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But when I arrived home after being in a hospital and re-hab for one month, the reason for joining a chapter became crystal clear. Philadelphia Chapter members came to visit with hands filled with meals, lunches and dinners! All on different days, I was the client! The generosity of these ladies is unsurpassed in ways that I can never thank them. They brought tears to not just to my eyes but my husband’s too. They even sent flowers to brighten my day! You just cannot imagine how wonderful this experience has been being the client for once, even in light of my injuries. All kidding aside, never ever under estimate the power, the value, and the talent that we all have in serving our clients. We are worth every penny we charge! I know I was the client for once! Join a Chapter, join a chapter, join a chapter. I am glad I did!


WHIP IT, WHIP IT GOOD! ALL ABOUT AQUAFABA “Now Whip it into shape; …it’s not too late to whip it, whip it good” -Devo Have you wondered if that kitchen tool known as the whisk was some medieval torture device? Just look at all those wire hoops stretched into a bell-like shape with the wires fixed at the base of it. Looking at it, you know something is going to be whipped! What else can you do with it? You can scare the hell out of the cat with it (just kidding, cat people!). Egg whites whipped into a froth consistency, from soft into eventually stiff peaks, this kitchen tool can handle the job. So what else besides eggs would you want to whip with a whisk? Sure you can mix things like a vinaigrette, a cake batter or perhaps if you want to make a mayonnaise. But what would you whip together taking out all your frustrations on? Hmm, how about aquafaba? Aqua-what? Aquafaba is the common name for the cooking liquid of beans and other legumes like chickpeas. The name was coined by a software engineer in the US, who was experimenting with vegan egg whites and existing meringue techniques. The vegan community decided on this term literally meaning water bean.

Here’s the fastest way to make it: • • • • •

Reserve the contents of a can of organic can of chickpeas. You can use non-organic if you wish. Save the peas to make hummus or falafels or add them in a salad. Use a stand mixer for quicker results and to achieve thick emulsified foamy froth. Pour the chick pea liquid into the stand mixer bowl. Use the wire whisk attachment. Switch the stand mixer to “whip” and watch the magic happen.

There. You have just created aquafaba. How Aquafaba was discovered is a bit of a mystery. Someone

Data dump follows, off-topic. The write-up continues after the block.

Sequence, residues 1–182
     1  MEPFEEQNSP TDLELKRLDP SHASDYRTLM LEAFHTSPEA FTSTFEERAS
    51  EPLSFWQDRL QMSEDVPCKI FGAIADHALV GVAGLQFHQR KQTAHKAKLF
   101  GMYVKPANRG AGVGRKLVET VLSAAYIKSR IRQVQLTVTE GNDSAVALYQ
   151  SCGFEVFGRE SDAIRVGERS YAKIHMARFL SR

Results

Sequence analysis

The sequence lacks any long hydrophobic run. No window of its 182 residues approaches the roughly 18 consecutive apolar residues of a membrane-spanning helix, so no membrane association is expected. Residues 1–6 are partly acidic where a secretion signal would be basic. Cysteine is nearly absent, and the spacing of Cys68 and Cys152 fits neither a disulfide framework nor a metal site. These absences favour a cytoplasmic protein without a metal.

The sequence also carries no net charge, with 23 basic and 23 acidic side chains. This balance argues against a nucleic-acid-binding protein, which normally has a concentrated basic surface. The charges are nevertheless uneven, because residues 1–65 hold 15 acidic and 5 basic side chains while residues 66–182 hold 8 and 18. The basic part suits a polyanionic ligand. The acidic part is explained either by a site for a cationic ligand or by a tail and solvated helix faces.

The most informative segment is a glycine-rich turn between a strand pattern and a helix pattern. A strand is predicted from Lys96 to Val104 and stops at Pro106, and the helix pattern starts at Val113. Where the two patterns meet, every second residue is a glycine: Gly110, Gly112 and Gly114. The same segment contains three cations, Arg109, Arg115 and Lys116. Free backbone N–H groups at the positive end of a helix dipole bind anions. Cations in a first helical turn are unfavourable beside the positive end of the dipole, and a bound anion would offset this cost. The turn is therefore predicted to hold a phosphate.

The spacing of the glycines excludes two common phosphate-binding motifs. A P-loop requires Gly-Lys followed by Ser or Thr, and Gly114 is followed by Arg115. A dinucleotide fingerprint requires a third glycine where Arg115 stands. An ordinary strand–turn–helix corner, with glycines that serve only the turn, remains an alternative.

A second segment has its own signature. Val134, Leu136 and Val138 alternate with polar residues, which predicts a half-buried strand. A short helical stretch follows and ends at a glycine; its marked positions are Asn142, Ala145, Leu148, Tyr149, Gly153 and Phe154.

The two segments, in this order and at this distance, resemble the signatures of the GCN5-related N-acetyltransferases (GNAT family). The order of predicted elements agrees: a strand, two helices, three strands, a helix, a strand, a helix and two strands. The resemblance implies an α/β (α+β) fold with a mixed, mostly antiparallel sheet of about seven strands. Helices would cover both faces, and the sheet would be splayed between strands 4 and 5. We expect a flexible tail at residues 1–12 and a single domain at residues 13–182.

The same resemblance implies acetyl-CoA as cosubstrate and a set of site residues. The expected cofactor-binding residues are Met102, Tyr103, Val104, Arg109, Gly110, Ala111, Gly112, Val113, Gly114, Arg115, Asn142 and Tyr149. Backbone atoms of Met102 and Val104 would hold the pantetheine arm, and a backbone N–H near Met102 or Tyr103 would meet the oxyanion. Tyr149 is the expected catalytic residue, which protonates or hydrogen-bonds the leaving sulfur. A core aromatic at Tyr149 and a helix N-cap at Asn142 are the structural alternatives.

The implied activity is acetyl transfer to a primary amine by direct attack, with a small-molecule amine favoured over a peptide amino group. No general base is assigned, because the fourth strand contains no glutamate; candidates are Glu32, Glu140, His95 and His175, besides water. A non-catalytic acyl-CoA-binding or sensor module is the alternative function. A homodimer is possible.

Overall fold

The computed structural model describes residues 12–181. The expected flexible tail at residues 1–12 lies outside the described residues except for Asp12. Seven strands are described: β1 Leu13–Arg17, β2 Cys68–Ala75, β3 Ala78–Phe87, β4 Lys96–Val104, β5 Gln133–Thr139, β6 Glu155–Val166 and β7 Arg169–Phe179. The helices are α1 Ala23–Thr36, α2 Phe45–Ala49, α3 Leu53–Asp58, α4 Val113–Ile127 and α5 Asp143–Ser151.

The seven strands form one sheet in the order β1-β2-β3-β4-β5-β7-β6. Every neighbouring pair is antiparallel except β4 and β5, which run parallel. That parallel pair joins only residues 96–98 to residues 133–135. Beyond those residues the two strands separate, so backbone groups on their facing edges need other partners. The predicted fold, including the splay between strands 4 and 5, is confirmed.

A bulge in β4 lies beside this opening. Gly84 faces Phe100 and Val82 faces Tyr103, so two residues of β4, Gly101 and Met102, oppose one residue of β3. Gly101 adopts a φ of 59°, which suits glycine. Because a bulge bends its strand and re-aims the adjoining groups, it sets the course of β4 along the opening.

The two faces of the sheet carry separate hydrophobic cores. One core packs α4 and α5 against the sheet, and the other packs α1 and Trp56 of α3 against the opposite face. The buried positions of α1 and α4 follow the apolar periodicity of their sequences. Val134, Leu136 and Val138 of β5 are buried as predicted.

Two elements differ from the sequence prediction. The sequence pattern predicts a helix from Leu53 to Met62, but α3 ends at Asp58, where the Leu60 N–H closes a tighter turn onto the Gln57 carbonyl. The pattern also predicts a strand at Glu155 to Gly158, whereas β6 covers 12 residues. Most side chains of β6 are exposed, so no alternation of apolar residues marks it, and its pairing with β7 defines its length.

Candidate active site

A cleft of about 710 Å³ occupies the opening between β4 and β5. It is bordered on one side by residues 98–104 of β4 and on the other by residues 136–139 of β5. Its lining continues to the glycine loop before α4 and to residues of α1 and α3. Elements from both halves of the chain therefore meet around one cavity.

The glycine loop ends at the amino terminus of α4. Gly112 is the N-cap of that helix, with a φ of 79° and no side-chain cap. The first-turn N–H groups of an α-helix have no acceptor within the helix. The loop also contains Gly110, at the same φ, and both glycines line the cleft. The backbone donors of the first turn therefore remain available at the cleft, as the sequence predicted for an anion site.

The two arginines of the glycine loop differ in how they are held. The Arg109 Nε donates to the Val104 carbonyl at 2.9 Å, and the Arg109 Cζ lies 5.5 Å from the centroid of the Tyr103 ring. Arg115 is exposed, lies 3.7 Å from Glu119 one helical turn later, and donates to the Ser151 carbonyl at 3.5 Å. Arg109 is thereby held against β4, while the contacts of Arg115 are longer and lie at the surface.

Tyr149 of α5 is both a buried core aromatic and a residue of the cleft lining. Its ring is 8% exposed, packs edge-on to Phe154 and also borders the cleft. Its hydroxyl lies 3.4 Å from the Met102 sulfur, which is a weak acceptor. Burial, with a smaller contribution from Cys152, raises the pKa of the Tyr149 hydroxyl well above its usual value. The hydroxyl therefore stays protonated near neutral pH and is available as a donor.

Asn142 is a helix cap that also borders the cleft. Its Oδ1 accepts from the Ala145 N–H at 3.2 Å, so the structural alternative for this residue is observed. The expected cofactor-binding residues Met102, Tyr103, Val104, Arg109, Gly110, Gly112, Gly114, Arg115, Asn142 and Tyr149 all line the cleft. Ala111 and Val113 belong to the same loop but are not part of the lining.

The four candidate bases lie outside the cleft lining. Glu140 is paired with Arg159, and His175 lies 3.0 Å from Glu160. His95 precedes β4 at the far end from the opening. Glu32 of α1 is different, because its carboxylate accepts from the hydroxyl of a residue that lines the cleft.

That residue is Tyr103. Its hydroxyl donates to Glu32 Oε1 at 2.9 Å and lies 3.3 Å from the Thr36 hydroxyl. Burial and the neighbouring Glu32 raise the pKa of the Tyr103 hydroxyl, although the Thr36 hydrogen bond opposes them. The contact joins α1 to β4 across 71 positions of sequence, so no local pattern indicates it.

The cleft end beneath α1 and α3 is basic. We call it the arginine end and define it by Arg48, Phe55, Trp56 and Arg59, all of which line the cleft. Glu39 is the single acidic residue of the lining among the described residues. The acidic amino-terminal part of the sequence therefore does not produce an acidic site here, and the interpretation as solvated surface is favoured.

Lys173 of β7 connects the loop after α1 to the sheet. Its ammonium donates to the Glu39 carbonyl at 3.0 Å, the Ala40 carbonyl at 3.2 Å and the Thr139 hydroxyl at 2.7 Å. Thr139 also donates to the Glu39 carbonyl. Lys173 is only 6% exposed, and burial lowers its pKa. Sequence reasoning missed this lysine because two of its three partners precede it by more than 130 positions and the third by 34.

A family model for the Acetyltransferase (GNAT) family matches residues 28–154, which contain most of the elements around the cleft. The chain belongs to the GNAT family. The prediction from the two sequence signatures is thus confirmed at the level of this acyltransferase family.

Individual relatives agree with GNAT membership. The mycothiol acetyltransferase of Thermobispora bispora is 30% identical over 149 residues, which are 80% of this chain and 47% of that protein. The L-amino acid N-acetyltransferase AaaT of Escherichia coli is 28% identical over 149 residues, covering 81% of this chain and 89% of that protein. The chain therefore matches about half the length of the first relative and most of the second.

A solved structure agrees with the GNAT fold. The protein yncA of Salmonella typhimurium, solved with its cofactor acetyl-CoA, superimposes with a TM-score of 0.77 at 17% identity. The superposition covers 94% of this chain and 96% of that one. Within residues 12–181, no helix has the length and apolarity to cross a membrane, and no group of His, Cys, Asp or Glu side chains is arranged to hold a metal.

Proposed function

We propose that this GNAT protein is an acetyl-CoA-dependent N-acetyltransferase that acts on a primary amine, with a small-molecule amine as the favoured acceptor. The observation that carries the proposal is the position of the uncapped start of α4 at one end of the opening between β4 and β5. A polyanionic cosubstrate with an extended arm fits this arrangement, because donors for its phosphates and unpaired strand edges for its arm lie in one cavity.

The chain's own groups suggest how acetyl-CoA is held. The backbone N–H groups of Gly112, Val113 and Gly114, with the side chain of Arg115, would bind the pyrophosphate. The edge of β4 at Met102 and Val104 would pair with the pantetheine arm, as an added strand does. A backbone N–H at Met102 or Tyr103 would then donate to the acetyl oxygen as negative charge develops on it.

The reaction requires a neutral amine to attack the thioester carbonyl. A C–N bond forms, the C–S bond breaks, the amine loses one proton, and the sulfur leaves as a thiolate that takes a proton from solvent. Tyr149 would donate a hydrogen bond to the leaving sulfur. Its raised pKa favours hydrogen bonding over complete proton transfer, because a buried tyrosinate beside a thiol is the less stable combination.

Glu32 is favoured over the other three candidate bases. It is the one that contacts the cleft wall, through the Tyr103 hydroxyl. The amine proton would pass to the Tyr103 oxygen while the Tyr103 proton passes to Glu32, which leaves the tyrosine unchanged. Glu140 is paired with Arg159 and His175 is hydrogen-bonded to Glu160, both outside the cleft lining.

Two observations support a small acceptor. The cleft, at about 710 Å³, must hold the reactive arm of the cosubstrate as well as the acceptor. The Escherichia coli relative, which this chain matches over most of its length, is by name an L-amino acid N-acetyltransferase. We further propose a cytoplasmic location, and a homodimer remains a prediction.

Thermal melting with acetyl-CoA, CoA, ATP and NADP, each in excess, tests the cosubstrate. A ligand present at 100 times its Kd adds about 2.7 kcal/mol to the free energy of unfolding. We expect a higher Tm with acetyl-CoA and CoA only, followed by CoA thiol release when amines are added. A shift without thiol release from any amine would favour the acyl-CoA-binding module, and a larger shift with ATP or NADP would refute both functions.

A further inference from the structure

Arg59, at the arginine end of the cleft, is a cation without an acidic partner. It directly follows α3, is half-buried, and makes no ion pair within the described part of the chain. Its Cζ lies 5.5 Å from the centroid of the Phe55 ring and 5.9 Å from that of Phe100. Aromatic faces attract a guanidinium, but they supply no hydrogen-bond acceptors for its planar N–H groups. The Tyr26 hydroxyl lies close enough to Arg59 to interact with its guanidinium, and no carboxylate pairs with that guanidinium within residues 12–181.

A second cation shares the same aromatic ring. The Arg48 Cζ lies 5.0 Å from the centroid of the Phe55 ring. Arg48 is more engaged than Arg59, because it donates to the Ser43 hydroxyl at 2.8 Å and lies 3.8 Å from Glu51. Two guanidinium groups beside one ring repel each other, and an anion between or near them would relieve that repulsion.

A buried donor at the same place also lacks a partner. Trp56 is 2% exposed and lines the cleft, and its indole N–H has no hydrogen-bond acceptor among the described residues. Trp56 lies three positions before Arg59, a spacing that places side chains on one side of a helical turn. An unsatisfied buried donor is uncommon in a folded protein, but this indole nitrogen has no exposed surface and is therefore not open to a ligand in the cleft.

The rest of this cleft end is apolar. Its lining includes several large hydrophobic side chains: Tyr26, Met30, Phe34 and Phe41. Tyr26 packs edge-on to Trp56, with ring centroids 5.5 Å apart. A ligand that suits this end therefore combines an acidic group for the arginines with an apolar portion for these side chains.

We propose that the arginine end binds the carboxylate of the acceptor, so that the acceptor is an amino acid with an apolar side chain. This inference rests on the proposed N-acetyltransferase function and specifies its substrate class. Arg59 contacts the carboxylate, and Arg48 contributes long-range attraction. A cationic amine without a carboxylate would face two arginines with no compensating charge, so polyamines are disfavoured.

decided to experiment with an idea to create a better vegan meringue. From there the results were published in various blogs and video recordings, and the results from these ideas led others to create what seems to be a stable egg replacer ingredient now known as Aquafaba. JAMES MEDLEY Aquafaba can be used to replace egg whites in many sweet and savory member since 2013 recipes. Its unique mix of starches, proteins, and other soluble plant solids which have migrated from the seeds to the water during the cooking process gives aquafaba a wide spectrum of emulsifying, foaming, binding, gelatinizing and thickening properties.

A popular Facebook group called “What Fat Vegans Eat” and a new group, “Vegan Meringues – Hits and Misses!” were created to oversee its development by the vegan community. The vegan community across the globe seems to be egg-cited about this ingredient. There are Facebook pages in Portuguese, French, German and Italian with aquafaba comments and recipe creations. I believe this ingredient may have a lot of potential in regards to possible new recipes. Perhaps this may just be the beginning of new ideas to pursue in order to have other egg replacers. If you are allergic to eggs, this may also be a fantastic egg substitute for recipes that call for whipped egg whites. In any case, whether it’s whipping stuff using egg whites or aquafaba, the whisk is a kitchen tool that does its unique job with finesse and style. Moreover, you can build up your arm muscles like Popeye the sailor in no time flat! Or, you can use a mixer with a wire whisk attachment like I do when you have an electric outlet nearby, easy peasy! P.S. Using a stand mixer when making Aquafaba may be the fastest way to create it, otherwise it may not get as peaky. For more information, go to: